Calgary

Rocky View school division struggling with bigger overcrowding problem than Calgary districts

Classrooms across the Rocky View School Division, which covers communities west, north and east of Calgary, are bursting at the seams as student populations grow at a faster rate than what many Calgary schools are facing.

Classrooms are bursting at the seams as student populations grow

The allure of cheaper homes and a slower quality of life has attracted droves of young families to Chestermere, Airdrie and Cochrane, putting significant pressure on the region’s schools. (Syda Productions/Shutterstock)

Christie Cameron moved her young family from a Calgary suburb to Airdrie more than a decade ago, following in the footsteps of many other parents who were drawn by cheaper real estate in the outlying community.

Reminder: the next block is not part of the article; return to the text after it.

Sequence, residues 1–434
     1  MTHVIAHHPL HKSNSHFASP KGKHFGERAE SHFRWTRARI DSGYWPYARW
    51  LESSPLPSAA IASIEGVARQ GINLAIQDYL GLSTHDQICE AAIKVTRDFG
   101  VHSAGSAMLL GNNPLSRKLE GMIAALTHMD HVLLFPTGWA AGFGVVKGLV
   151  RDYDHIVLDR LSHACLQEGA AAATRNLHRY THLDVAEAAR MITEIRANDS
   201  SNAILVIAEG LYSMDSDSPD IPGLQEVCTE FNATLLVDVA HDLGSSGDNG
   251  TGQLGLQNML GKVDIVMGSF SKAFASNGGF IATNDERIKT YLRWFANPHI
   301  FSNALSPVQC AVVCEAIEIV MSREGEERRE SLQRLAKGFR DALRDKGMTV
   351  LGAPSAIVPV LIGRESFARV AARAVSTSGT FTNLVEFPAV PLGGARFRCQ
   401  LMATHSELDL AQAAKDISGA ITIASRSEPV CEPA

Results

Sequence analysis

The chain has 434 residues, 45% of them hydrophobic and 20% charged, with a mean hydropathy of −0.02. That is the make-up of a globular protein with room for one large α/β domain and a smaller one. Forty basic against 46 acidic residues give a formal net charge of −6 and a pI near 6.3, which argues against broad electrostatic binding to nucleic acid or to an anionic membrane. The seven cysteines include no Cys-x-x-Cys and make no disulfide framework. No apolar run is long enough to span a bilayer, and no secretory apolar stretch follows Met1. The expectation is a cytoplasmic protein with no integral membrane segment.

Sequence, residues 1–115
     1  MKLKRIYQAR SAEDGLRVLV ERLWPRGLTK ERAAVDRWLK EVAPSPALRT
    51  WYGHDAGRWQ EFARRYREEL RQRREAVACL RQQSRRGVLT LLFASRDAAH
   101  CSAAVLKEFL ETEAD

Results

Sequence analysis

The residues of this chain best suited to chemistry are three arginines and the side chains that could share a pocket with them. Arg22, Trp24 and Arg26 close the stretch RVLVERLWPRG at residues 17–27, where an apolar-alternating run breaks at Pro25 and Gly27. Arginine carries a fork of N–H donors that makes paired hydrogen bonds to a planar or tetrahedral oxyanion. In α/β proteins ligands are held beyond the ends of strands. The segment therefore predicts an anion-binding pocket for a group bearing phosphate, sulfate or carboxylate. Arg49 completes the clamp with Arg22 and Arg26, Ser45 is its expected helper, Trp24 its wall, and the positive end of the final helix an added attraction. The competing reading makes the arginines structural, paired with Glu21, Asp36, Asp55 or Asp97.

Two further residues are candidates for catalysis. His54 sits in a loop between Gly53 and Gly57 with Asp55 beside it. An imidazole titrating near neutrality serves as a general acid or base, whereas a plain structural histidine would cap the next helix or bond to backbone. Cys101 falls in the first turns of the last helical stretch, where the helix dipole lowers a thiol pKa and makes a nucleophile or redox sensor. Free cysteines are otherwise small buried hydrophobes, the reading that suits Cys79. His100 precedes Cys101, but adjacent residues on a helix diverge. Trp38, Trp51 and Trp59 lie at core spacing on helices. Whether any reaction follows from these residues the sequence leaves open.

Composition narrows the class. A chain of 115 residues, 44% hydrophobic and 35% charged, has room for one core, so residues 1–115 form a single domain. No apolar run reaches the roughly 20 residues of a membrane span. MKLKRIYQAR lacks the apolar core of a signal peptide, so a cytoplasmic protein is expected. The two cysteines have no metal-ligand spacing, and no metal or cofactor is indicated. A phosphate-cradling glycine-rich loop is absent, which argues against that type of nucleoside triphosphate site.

Cameron moved to a neighbourhood where there were plans for a new school within walking distance of their home. Today, nearly three years after Heloise Lorimer School opened in southeast Airdrie, the Kindergarten to Grade 8 school is almost full.

It's not alone. Classrooms across the Rocky View school division, which covers communities west, north and east of Calgary, are bursting at the seams as student populations grow at a faster rate than what many Calgary schools are facing.

The Rocky View Schools division covers communites west, north and east of Calgary. (CBC)

For Cameron, it means her two sons will be going to different schools much sooner than she expected as the school board shifts students around to ease overcrowding.

"Why would I move to a neighbourhood within two blocks of a school just to put my son on a bus to a different school farther away?" she said.